July 17, 2008
Companies Use Menthol To Attract Young Smokers
Tobacco companies control menthol levels in cigarettes, so lighting up for the first time will appeal more to young smokers who preferred milder tastes, according to a study released Wednesday.
Researchers at the Harvard School of Public Health found industry documents from decades past about product development and on strategic plans for menthol products.
"Menthol stimulates the cooling receptors in the lung and oral pharynx," said Dr. Gregory Connolly of Harvard. "It makes smoking easier."
The finding could flame support for additional tobacco regulation. The study, published in the American Journal of Public Health, comes as the U.S. Congress considers legislation that would give the Food and Drug Administration broad authority to change tobacco laws.
The study found that the tobacco companies researched how manipulating menthol levels could increase sales among specific groups. Younger smokers were partial to milder brands with lower menthol levels, so that's whom the companies appealed to.
Tobacco companies denied the findings including R.J. Reynolds, Philip Morris and Lorillard.
Lorillard Inc. spokesman Michael Robinson said in a statement: "The American public should view this report for what it is, a politically motivated lobbying tool."
"It would appear this report is simply an effort to push support for federal regulation of the tobacco industry, not a scientific review of the menthol category," said David Howard, a spokesman for R.J. Reynolds, a unit of Reynolds American Inc and maker of Camel and Kool cigarettes.
William Phelps, a spokesman for Philip Morris USA, the nation's largest tobacco company, said the study's conclusions were not supported by facts. He said the study includes excerpts from marketing documents, which talked about targeting youth or adolescents.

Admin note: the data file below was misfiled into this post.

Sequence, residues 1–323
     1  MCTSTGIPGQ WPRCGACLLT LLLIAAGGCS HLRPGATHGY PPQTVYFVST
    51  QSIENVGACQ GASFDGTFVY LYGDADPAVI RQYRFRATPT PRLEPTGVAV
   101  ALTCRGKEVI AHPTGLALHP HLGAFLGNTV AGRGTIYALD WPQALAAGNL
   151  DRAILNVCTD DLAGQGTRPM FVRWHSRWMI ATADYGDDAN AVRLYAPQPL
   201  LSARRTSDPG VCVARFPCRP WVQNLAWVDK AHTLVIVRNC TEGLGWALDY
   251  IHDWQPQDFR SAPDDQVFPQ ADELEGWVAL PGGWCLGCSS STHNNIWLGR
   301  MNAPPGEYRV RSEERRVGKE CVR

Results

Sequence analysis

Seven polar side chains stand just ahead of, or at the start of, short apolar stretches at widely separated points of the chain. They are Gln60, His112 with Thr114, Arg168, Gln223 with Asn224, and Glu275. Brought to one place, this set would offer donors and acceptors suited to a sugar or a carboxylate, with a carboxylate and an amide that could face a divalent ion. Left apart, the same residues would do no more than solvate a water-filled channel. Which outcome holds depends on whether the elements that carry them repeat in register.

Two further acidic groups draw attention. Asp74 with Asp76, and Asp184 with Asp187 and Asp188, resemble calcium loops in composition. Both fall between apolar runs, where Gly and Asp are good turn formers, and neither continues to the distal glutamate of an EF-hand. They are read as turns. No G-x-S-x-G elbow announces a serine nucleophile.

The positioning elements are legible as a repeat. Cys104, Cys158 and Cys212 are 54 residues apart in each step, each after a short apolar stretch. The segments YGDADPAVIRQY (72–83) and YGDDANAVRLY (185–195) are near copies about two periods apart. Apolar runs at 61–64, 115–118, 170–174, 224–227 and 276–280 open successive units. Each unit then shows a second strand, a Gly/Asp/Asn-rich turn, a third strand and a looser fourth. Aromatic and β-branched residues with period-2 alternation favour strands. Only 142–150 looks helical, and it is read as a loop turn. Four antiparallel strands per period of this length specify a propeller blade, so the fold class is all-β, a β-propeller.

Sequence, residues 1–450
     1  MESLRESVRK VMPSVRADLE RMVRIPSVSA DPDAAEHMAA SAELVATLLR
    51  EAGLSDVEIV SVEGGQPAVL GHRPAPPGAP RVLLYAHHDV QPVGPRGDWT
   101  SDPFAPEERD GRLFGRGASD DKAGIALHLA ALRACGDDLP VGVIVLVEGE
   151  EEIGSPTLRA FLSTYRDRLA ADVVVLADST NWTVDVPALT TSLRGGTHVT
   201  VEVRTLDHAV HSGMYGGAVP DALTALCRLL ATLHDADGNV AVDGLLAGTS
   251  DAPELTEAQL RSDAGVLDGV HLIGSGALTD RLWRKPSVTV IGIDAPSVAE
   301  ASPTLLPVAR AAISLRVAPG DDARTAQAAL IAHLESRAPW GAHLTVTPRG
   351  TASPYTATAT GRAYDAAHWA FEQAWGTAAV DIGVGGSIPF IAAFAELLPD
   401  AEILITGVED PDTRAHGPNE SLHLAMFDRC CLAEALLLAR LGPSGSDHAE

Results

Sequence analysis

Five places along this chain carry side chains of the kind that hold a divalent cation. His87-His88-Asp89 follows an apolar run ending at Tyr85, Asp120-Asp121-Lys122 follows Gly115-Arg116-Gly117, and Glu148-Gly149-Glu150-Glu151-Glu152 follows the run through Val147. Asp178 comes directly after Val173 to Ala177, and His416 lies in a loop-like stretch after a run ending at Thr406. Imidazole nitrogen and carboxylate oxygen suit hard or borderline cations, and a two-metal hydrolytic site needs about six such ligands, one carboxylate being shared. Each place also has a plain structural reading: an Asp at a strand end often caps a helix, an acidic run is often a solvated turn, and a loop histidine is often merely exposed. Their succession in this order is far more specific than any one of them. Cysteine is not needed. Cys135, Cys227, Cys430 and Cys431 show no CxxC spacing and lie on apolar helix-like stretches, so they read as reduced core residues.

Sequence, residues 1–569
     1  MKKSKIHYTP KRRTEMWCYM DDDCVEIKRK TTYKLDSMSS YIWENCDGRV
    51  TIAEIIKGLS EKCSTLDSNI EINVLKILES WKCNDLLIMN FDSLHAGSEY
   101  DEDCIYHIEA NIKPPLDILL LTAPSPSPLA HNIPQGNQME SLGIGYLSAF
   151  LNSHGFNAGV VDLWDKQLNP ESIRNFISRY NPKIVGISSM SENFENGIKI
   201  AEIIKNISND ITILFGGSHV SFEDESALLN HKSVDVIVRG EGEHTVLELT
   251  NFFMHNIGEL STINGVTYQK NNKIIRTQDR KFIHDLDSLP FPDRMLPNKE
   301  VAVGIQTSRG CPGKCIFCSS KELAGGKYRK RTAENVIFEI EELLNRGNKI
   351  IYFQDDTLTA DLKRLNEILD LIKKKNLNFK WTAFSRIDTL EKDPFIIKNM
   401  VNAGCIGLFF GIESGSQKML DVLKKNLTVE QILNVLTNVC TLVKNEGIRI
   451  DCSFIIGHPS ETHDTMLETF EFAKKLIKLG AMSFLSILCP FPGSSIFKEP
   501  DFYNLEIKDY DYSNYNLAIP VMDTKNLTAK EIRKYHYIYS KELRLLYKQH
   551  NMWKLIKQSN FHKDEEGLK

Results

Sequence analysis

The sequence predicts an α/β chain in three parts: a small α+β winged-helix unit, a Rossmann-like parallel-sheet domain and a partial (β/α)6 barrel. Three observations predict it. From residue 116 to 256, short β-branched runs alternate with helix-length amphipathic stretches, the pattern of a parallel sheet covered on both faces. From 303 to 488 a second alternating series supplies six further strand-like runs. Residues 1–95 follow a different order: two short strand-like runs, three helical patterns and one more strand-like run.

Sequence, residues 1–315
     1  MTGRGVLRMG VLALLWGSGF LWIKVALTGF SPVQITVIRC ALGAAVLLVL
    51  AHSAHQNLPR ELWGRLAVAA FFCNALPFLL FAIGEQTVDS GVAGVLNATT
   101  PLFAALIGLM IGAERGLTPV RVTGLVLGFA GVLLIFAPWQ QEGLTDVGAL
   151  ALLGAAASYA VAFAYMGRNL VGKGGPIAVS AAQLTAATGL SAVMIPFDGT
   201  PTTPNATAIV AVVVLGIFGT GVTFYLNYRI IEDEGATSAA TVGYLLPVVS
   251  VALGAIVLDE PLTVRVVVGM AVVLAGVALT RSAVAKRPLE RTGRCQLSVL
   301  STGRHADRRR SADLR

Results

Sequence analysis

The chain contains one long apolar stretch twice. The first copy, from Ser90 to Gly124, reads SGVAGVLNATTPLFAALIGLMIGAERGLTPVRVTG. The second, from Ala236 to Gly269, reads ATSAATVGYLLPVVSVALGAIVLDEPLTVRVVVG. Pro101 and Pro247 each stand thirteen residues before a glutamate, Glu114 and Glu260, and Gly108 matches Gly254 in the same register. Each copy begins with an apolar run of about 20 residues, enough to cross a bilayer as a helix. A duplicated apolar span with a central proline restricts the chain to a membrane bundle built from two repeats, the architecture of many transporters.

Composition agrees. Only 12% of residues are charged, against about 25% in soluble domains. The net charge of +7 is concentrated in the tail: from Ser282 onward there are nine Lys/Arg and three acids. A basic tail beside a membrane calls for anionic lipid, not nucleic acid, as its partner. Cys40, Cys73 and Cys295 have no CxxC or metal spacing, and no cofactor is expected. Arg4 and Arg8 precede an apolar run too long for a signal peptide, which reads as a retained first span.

"At our company, our marketing goal is to find way to effectively and responsibly connect brands with adults who smoke," Phelps said. "Those brands are designed to meet the diverse preferences of adults who smoke. What we disagree with is the authors' conclusion that menthol levels were manipulated to gain market share among adolescents."
The study found historical contradictions to the current argument of tobacco companies.
One document attributed to R.J. Reynolds noted that all three major menthol brands "built their franchise with YAS (younger adult smokers) ... using a low-menthol product strategy. However, as smokers acclimate to menthol, their demand for menthol increases over time."
R.J. Reynolds marketed low-level menthol varieties in 1987, to convince consumers to switch from regular brands and to recruit new, young smokers, noting: "First-time smoker reaction is generally negative. ... Initial negatives can be alleviated with a low level of menthol."
The research also concluded, Philip-Morris USA used a two-part strategy to increase Marlboro's share in cigarette sales by targeting young adults and older smokers. In 2000, the company started Marlboro Milds, which quickly became popular among young smokers. The milds were responsible for almost 80 percent of the company's menthol-category growth that year.
Co-author of the paper Howard Koh said, "For decades, the tobacco industry has carefully manipulated menthol content not only to lure youth but also to lock in lifelong adult customers."
One of the report's co-authors Greg Connolly said the tobacco industry was careful not to talk about adolescents in the documents dating from the '80s and '90s.
"They talk about young smokers. For me, that's just a euphemism for going after adolescent, first-time smokers," Connolly said.
Congress is considering legislation to give the Food and Drug Administration the power to regulate tobacco, including banning fruit and candy flavorings. But it would allow the continued sale of menthol-flavored brands that has gained criticism from some smoking control advocates, who want it banned.
But Phelps argued that move, "We don't believe it's right to ban a particular ingredient because some people prefer the flavor that ingredient provides."
Currently, Philip Morris is the only major tobacco company that supports FDA regulation. Its' support of the measure is considered essential in getting it passed.
Brands marketed as menthol cigarettes make up nearly one-third of the U.S. cigarette market. Despite the decline of overall cigarette sales, the sale of menthol cigarettes has been stable in recent years.
Smoking is the biggest cause of preventable death in the United States, killing more than 400,000 people each year.
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